Tuberculosis: thoracic manifestations
Back pain. Loss of weight in a young male patient previously well.
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There is gross enlargement and necrosis of retro-esophageal lymph nodes in the mid-posterior mediastinum over a length of 80mm with symmetrical distribution either side of the thoracic vertebrae. Several small necrotic pre vascular and a 13mm aortopulmonary necrotic node is also demonstrated. There is bony involvement with the destruction of the left posterior vertebral body of T8. No obvious extension into the neural canal. The lesion margins appear sclerotic with sclerosis also involving the vertebral body of T7 in the absence of a destructive lesion. There is no apparent disc involvement.
There are multiple broad-based pleural thickenings predominantly involving the posterior wall of both lungs more severe on the left. Atelectasis involving the left lower lobe with associated small left pleural effusion is demonstrated. No evidence of a cavitating lesion or scarring. Ground-glass opacities are seen involving the base of the right upper lobe. Abdominal viscera demonstrated within the limits of this study appear normal. No suspicious soft tissue or bony lesion demonstrated.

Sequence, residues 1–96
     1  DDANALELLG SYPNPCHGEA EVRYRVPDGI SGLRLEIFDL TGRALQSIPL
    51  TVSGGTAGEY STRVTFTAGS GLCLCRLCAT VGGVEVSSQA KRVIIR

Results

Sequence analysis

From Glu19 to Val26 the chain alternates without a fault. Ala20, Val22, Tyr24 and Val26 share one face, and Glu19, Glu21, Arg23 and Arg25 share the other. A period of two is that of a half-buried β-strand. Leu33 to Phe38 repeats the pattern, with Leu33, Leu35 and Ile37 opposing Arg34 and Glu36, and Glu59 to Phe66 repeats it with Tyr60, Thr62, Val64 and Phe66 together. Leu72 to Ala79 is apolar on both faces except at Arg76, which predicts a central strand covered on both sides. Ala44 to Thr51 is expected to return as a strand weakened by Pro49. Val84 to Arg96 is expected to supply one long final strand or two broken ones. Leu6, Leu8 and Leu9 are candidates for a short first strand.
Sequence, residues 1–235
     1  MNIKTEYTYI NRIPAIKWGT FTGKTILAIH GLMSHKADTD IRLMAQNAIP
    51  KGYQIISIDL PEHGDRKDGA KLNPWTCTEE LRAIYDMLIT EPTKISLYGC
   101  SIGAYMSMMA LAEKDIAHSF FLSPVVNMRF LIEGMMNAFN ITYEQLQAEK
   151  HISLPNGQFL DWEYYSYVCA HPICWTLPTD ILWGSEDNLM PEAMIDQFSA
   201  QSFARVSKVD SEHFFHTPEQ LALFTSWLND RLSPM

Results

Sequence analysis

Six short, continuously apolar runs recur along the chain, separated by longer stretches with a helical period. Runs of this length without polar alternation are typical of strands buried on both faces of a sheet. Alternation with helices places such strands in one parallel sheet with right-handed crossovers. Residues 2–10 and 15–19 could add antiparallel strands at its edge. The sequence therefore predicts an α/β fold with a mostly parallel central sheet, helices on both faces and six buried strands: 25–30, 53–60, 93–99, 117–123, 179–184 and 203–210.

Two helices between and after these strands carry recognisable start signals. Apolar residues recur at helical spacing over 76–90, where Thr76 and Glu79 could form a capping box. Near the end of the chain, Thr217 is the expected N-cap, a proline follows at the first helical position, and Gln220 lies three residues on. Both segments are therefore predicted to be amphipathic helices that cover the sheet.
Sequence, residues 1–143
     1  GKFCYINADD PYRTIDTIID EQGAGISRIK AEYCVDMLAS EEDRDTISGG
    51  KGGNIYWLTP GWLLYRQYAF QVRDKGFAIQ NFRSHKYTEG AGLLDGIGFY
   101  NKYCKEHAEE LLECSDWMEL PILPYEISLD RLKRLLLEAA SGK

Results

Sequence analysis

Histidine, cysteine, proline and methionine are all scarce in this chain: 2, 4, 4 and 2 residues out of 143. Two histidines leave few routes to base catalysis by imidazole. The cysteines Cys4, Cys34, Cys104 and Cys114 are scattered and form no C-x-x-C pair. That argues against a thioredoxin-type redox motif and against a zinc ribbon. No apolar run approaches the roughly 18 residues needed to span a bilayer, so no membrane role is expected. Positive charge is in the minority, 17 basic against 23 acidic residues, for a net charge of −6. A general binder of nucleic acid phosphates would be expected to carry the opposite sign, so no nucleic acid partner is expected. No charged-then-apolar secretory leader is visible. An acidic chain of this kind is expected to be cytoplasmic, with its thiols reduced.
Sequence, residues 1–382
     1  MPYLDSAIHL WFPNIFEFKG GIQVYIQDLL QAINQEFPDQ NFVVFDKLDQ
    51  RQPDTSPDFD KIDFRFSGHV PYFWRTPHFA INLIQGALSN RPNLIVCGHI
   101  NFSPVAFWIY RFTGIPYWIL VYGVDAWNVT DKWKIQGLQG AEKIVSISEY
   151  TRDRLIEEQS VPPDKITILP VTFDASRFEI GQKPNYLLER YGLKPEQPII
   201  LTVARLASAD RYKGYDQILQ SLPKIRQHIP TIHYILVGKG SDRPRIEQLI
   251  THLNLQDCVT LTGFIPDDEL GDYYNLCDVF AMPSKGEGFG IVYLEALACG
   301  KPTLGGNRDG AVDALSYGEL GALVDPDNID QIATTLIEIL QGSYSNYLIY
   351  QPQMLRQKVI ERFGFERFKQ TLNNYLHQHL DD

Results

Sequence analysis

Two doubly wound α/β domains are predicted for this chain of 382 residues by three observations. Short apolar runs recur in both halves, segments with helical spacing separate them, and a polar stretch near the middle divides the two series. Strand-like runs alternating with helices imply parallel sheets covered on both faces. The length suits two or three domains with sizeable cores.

Conclusion: Extensive necrotic posterior mediastinal and prevascular lymph nodes with bony destruction involving the left lateral border of the T8 vertebral body. Left lower lobe atelectasis and small effusion with right upper lobe ground glass changes. Findings are in keeping with tuberculosis.
Recommend MRI thoracic spine to confirm suspect spinal canal encroachment.
The prevalence of the disease is around 30 million globally and 1-3% of the 30 million have involvement of bones and joints. Mycobacterium tuberculosis is responsible for almost all the cases of osteoarticular tuberculosis. Although atypical mycobacteria have been reported in lesions of the synovial sheath.
Osteoarticular tuberculosis can occur in the spine, hip, knee, foot, elbow, wrist, hand, shoulder and as diaphyseal foci. It has not been reported to affect mandible and temporomandibular joint. The major method of spread is haematogenous. The most common method of spread to the vertebral body is through Batson's prevertebral venous plexus.
This case was confirmed Mycobacterium tuberculosis infection.